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The Episcopal Church Welcomes You.

From Religion Press Release Services: A new ad campaign by the Episcopal church emphasizes inclusiveness rather than exclusiveness in an attempt to garner more members:

The Episcopal Church breaks new advertising:
confirms its beliefs, welcomes all Christians

NYC, NY (November 20, 2009) -- The Episcopal Church's core beliefs and practices, including those related to Christ, the Bible, women's ordination and relationships, are featured in a new, national newspaper ad breaking today and on its website, according to Anne Rudig, Director of Communication.

"We want to herald and share our welcoming message," explained Rudig. "We are bringing our identity, our core beliefs, and our heritage to life in a manner that invites all to share.

The ad, which include a broader list of beliefs, can be viewed here:

"In the past few weeks, news about various religions has focused more about who's excluded from certain practices than who is included," Rudig said. "We follow Christ and believe that he's very clear that all are welcome. We strive to ‘love our neighbors as ourselves'."

"We are celebrating the fact The Episcopal Church recognizes that God doesn't differentiate between the gifts of men or women, lay or ordained," said the Rev. Canon Dr. Charles Robertson, canon to the Presiding Bishop and Primate. "We want people to know who we are and to make their own, informed decisions."

The work uses the theme The Episcopal Church Welcomes You with specific examples of the Church's beliefs. Among others, they include:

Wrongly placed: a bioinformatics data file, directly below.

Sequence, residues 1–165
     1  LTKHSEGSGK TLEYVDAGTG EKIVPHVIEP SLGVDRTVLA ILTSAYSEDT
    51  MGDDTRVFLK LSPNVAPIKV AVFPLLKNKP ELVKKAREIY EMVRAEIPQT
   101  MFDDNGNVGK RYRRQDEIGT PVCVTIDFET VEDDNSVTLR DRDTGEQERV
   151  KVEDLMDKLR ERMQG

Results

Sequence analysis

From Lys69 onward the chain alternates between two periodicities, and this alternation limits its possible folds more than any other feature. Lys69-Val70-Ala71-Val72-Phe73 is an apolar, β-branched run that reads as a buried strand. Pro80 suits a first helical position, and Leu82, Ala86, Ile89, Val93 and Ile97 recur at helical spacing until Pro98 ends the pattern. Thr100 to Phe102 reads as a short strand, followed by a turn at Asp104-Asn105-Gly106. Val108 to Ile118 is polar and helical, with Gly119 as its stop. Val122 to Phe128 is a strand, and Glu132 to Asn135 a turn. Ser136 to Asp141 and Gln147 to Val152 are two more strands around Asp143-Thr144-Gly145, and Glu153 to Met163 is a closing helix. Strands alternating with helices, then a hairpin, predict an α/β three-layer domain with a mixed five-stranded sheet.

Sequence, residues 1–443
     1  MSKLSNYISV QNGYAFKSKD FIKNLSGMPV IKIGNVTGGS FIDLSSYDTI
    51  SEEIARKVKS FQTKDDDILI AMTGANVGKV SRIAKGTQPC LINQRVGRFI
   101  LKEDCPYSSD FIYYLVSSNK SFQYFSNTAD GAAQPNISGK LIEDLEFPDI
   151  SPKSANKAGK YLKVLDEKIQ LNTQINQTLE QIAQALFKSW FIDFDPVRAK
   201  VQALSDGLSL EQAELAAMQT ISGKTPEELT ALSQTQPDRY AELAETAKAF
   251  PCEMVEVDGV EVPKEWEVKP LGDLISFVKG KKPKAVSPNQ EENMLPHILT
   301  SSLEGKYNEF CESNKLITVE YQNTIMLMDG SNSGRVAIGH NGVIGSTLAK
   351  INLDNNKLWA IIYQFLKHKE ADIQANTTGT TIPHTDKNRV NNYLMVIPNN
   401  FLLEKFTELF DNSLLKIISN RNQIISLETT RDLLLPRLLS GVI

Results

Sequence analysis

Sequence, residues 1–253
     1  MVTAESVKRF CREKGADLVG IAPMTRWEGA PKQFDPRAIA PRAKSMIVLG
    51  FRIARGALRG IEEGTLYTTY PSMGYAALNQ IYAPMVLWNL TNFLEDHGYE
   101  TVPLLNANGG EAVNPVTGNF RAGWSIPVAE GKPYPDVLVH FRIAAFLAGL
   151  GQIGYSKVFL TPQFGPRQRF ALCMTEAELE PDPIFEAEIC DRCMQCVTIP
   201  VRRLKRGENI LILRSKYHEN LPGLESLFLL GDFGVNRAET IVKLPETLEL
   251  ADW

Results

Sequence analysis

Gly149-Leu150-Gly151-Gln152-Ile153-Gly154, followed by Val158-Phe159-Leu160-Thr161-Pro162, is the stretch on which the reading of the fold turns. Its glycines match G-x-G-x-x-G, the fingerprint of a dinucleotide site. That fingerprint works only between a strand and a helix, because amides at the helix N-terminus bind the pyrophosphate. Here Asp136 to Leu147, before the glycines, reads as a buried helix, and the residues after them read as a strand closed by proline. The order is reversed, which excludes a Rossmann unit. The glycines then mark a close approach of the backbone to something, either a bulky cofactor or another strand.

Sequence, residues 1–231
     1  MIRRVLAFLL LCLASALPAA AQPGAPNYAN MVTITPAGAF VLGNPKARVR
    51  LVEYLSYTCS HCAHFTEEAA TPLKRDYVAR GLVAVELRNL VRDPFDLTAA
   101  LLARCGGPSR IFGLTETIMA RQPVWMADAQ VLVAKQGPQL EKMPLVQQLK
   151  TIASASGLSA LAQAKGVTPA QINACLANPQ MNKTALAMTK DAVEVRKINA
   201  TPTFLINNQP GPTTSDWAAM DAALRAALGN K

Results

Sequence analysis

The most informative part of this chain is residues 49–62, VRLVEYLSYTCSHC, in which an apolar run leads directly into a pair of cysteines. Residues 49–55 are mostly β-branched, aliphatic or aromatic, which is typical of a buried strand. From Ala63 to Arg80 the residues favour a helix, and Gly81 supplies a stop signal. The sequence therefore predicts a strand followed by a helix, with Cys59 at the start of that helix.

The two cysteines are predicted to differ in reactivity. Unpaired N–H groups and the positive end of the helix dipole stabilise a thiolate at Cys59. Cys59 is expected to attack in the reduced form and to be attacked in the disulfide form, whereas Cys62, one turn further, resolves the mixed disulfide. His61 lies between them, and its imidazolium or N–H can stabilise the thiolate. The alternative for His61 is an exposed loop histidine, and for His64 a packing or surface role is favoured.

• As Episcopalians, we are followers of Jesus Christ, our Lord, and believe in the Father, Son and Holy Spirit.

• We uphold the Bible and worship with the Book of Common Prayer.

• We strive to love our neighbors as ourselves and respect the dignity of every person.

• We welcome men and women, married or celibate, to be ordained as bishops, priests, and deacons.

• We believe in amendment of life, the forgiveness of sin, and life everlasting.

• We affirm that committed relationships are lifelong and monogamous. Episcopalians also recognize that there is grace after divorce and do not deny the sacraments to those who have been divorced.

• We affirm that issues such as birth control are matters of personal informed conscience.

• We celebrate our unity in Christ while honoring our differences, always putting the work of love before uniformity of opinion.

• All are welcome to find a spiritual home in the Episcopal Church.

This is the first in a series of materials, produced in English and Spanish, to support The Episcopal Church's evangelism and outreach that will be developed over the coming months. Additional print, radio and collateral materials will be made available to its dioceses and churches.

"We want to be bolder and more proactive about letting people know that The Episcopal Church has so much to offer," said Robertson. "Our message continues to be that we welcome you into this adventurous life and reasonable faith in Christ...whoever 'you' may be."

The Episcopal Church also is focusing its outreach on mission work to alleviate poverty and injustice both in the United States and abroad.

The Episcopal Church welcomes all who worship Jesus Christ in 109 dioceses and three regional areas in 16 nations. The Episcopal Church is a member province of the worldwide Anglican Communion.

The Episcopal Church:

Include women and allow contraception? Not a bad marketing approach considering Catholic and evangelical actions of late to continue taking state funds but not honor marriage equality, patients' rights, or women's autonomy.


Upping the Ante: Civil Disobedience or Discrimination?

A piece-of-shite article from the New York Times today reports that:

Citing the Rev. Dr. Martin Luther King Jr.’s call to civil disobedience, 145 evangelical, Roman Catholic and Orthodox Christian leaders have signed a declaration saying they will not cooperate with laws that they say could be used to compel their institutions to participate in abortions, or to bless or in any way recognize same-sex couples.